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Cochrane COVID-19 Study Register
Study record
Buising 2021First Published: 2021 Jul 21Updated Date: 2021 Jul 21

Use of portable air cleaners to reduce aerosol transmission on a hospital COVID-19 ward (preprint)

  1. Study Type
  2. Observational
  1. Study Aim
  2. Prevention
  3. Health Services Research
  1. Study Design
  2. Case Report
  1. Intervention Assignment
  2. Not Applicable
Reference record

Use of portable air cleaners to reduce aerosol transmission on a hospital coronavirus disease 2019 (COVID-19) ward

Buising KL, Schofield R, Irving L, Keywood M, Stevens A, Keogh N, Skidmore G, Wadlow I, Kevin K, Rismanchi B, Wheeler AJ, Humphries RS, Kainer M, Monty J, McGain F, Marshall C
Journal article
Report Results
OBJECTIVE: To study the airflow, transmission, and clearance of aerosols in the clinical spaces of a hospital ward that had been used to care for patients with coronavirus disease 2019 (COVID-19) and to examine the impact of portable air cleaners on aerosol clearance. DESIGN: Observational study. SETTING: A single ward of a tertiary-care public hospital in Melbourne, Australia. INTERVENTION: Glycerin-based aerosol was used as a surrogate for respiratory aerosols. The transmission of aerosols from a single patient room into corridors and a nurses' station in the ward was measured. The rate of clearance of aerosols was measured over time from the patient room, nurses' station and ward corridors with and without air cleaners [ie, portable high-efficiency particulate air (HEPA) filters]. RESULTS: Aerosols rapidly travelled from the patient room into other parts of the ward. Air cleaners were effective in increasing the clearance of aerosols from the air in clinical spaces and reducing their spread to other areas. With 2 small domestic air cleaners in a single patient room of a hospital ward, 99% of aerosols could be cleared within 5.5 minutes. CONCLUSIONS: Air cleaners may be useful in clinical spaces to help reduce the risk of acquisition of respiratory viruses that are transmitted via aerosols. They are easy to deploy and are likely to be cost-effective in a variety of healthcare settings
Reference record

Use of portable air cleaners to reduce aerosol transmission on a hospital COVID-19 ward (preprint)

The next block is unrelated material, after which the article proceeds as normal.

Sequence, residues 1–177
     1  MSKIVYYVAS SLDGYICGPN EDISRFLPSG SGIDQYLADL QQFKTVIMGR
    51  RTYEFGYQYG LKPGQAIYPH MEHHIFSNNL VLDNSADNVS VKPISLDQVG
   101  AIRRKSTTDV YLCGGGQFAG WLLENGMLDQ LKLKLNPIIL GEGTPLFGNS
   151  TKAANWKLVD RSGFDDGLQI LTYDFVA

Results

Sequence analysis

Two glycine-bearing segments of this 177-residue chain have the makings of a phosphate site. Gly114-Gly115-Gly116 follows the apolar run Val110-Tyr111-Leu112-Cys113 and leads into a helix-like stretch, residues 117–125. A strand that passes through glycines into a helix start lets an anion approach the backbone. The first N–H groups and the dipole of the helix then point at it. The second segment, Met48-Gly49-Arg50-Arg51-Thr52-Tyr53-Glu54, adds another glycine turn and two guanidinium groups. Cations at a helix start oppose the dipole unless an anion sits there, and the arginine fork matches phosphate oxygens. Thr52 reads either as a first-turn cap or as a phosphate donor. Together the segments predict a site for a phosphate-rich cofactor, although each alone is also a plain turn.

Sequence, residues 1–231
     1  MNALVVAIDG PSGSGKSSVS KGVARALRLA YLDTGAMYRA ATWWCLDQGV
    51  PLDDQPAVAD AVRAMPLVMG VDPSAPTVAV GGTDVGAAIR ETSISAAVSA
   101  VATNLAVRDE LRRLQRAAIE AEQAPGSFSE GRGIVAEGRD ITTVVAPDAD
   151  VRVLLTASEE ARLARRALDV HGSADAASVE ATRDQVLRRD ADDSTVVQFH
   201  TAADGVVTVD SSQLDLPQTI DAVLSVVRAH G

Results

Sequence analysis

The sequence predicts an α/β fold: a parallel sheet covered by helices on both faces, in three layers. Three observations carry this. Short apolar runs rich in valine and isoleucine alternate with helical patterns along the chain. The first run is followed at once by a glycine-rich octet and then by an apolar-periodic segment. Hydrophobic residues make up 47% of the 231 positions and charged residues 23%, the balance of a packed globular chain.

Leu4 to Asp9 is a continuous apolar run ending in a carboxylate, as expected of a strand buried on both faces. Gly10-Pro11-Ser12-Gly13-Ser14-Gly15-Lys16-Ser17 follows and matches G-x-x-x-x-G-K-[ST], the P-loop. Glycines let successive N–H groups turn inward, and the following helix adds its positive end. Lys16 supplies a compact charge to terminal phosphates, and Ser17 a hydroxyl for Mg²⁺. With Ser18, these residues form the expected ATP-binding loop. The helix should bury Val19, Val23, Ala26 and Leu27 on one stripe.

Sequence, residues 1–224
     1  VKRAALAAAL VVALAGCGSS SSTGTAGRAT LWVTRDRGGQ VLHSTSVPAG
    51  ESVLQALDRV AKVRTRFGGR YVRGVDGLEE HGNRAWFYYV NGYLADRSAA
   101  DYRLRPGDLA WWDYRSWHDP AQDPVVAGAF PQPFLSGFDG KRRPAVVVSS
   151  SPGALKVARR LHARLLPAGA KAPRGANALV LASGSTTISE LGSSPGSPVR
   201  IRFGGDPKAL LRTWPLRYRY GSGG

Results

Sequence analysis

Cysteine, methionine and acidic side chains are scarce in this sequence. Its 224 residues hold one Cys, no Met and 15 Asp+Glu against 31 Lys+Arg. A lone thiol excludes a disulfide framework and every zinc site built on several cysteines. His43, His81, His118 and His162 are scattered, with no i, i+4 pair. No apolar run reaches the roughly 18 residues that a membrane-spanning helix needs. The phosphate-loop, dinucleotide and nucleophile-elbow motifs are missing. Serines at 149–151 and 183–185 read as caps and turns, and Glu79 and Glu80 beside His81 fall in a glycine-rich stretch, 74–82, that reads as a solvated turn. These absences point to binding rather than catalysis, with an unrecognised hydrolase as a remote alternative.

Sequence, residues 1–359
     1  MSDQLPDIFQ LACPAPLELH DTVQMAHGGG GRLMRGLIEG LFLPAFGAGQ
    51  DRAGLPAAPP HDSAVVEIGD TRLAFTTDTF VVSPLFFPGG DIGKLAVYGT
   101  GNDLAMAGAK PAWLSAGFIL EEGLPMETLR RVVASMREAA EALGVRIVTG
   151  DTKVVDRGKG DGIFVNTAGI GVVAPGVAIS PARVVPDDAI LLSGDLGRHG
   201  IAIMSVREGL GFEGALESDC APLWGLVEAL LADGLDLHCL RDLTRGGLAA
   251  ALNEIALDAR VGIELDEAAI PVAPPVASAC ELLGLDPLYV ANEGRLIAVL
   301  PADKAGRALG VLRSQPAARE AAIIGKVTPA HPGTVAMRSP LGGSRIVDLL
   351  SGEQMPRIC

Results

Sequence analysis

Buising KL, Schofield R, Irving L, Keywood M, Stevens A, Keogh N, Skidmore G, Wadlow I, Kevin K, Rismanchi B, Wheeler A, Humphries R, Kainer M, McGain F, Monty J, Marshall C
Unpublished article (preprint)
Report Results
Objective To study the airflow, transmission and clearance of aerosols in the clinical spaces of a hospital ward that had been used to care for patients with COVID-19, and to examine the impact of portable air cleaners on aerosol clearance. Design Observational study Setting A single ward of a tertiary public hospital in Melbourne Australia Intervention Glycerine-based aerosol was used as a surrogate for respiratory aerosols. The transmission of aerosols from a single patient room into corridors and a nurses station in the ward was measured. The rate of clearance of aerosols was measured over time from the patient room, nurses station and ward corridors with and without air cleaners (also called portable HEPA filters). Results Aerosols rapidly travelled from the single patient room into other parts of the ward. Air cleaners were effective in increasing the clearance of aerosols from the air in clinical spaces and reducing their spread to other areas. Conclusion Air cleaners may be useful in clinical spaces to help reduce the risk of healthcare acquired acquisition of respiratory viruses that are transmitted via aerosols.Competing Interest StatementThe authors have declared no competing interest.Funding StatementThe work was funded by the Royal Melbourne HospitalAuthor DeclarationsI confirm all relevant ethical guidelines have been followed, and any necessary IRB and/or ethics committee approvals have been obtained.YesThe details of the IRB/oversight body that provided approval or exemption for the research described are given below:The Royal Melbourne Hospital human research ethics committee reviewed the manuscript and determined that it was exempt from requiring ethics approvalAll necessary patient/participant consent has been obtained and the appropriate institutional forms have been archived.YesI understand that all clinical trials and any other prospective interventional studies must be registered with an ICMJE-approved registry, such as ClinicalTrials.gov. I confirm that any such study reported in the manuscript has been registered and the trial registration ID is provided (note: if posting a prospective study registered retrospectively, please provide a statement in the trial ID field explaining why the study was not registered in advance).Yes I have followed all appropriate research reporting guidelines and uploaded the relevant EQUATOR Network research reporting checklist(s) and other pertinent material as supplementary files, if applicable.YesThe data are held by the researchers at the University of Melbourne [Preprints are preliminary reports of work that have not been peer reviewed. Refer to the original preprint or preprint server for specific information about the individual preprint.]